Multiwave Photonics is the result of one man's lifetime of dedication to lasers, as Warren Clark discovers
For Jose Salcedo, now CEO of Multiwave Photonics, lasers were part of life since the age of 19, when he built his first laser. Such was his fascination that he set up his own home laboratory and built a >50W CO2 laser, and published his first scientific paper on lasers while still an undergraduate.
On graduation from the University of Porto in his native Portugal, Salcedo grasped the opportunity to pursue further studies with NATO and Fullbright scholarships at Stanford University in the US, where he completed an MSc under the tutelage of Professor Robert Byer (who has since founded many reputable laser companies). His PhD (in picosecond spectroscopy) followed, this time under the guidance of another photonics legend, Professor Anthony Siegman. Both of these mentors have input into Multiwave Photonics, with Byer as a current investor and on the Business Advisory Board and Siegman on the Scientific Advisory Board.
Salcedo stayed in the US for several years, completing an IBM postdoctoral fellowship at Stanford, and eventually working for Westinghouse in Pittsburgh, in the field of ultrafast lasers. The homeland soon came calling, though, in the form of a $3m grant from Portugal Telecom to extend a recently founded private non-profit R&D institute, INESC, to his hometown of Porto, with a strong focus on fibre optics.
Salcedo’s first steps towards the area of expertise in which his company now specialises began in 1990, when he set up a research centre on fibre optic technology and fibre lasers – at a time when fibre lasers were only in their infancy.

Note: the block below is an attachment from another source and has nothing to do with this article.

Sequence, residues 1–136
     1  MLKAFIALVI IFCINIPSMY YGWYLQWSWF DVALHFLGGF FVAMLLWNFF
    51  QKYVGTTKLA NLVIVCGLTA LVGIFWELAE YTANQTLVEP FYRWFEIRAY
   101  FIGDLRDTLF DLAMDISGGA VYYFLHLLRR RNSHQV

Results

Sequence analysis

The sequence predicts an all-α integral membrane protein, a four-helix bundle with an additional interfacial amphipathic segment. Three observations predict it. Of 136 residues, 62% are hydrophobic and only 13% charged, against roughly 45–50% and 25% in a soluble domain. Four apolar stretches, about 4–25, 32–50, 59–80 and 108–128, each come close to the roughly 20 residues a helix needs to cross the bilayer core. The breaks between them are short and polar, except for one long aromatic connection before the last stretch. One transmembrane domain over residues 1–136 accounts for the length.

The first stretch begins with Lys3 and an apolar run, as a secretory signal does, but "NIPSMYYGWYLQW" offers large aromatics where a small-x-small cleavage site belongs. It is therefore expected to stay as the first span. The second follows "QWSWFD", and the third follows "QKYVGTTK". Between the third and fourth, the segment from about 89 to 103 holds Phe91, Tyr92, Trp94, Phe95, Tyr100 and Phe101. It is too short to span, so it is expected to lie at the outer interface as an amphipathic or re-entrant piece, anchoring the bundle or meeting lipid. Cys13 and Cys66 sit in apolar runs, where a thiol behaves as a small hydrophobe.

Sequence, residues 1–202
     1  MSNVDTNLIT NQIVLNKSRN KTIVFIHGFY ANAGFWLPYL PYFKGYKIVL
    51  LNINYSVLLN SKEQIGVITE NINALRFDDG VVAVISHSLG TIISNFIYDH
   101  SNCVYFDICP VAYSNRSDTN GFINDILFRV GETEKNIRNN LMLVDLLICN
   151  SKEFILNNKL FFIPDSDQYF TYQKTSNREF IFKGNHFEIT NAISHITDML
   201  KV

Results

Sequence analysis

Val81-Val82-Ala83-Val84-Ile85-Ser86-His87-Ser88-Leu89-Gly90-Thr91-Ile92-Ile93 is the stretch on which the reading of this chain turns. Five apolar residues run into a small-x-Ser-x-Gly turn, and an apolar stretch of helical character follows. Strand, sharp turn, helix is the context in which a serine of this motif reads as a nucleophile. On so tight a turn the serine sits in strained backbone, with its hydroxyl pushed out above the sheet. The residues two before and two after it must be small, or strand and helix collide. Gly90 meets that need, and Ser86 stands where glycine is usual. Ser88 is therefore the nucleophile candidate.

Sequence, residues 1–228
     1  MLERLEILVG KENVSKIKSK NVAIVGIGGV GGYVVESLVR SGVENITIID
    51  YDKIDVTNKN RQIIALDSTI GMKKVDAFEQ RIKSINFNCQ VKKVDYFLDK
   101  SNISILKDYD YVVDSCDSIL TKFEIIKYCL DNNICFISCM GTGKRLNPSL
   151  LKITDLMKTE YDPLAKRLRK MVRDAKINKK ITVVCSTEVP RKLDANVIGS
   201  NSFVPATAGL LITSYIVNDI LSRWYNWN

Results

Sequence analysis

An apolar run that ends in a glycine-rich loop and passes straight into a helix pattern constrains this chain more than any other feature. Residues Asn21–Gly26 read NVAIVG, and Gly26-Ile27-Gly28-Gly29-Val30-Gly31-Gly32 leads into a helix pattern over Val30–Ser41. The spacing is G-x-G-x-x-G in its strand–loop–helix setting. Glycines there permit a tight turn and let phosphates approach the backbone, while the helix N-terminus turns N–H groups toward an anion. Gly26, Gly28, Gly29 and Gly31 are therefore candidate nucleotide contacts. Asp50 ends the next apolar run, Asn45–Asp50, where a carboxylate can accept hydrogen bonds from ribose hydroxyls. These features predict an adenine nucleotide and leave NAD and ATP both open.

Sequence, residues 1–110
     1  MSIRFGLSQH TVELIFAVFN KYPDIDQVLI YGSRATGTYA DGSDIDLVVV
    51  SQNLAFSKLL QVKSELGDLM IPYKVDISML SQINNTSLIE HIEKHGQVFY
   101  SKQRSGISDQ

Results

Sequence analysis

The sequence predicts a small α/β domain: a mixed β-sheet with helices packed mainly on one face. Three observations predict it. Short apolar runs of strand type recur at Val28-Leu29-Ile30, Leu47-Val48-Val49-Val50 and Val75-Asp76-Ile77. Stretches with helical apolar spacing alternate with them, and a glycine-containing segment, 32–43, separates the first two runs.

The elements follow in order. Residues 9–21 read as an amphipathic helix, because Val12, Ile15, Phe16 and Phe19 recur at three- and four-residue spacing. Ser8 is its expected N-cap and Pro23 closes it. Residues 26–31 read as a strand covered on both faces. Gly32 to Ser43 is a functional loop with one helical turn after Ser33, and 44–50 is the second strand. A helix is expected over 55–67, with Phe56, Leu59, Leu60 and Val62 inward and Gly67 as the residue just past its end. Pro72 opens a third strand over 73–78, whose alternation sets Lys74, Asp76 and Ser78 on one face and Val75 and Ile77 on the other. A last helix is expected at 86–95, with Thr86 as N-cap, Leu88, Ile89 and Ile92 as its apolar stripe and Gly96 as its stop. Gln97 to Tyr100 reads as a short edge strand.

His first venture into the commercial world was to establish a company called ENT in 1995, which provided integrated voice, video and data transmission via fibre optic cable, and was aimed specifically at utility distribution companies. ‘It was a solution for their own internal use initially,’ says Salcedo, ‘and one big advantage was that they had no right-of-way issues as they already had the infrastructure in place. It simply meant laying an extra cable and providing them with the required multiplexing technology at drop-points, all developed at ENT. Ultimately, the idea was that these utility companies would then be able to rent out the excess network transmission capacity to telecoms companies, an intention that worked well.’
The success of this venture saw it becoming fully integrated in the Efacec group in Portugal, a national electrical power group. Then, in September 2003, Salcedo established Multiwave Photonics.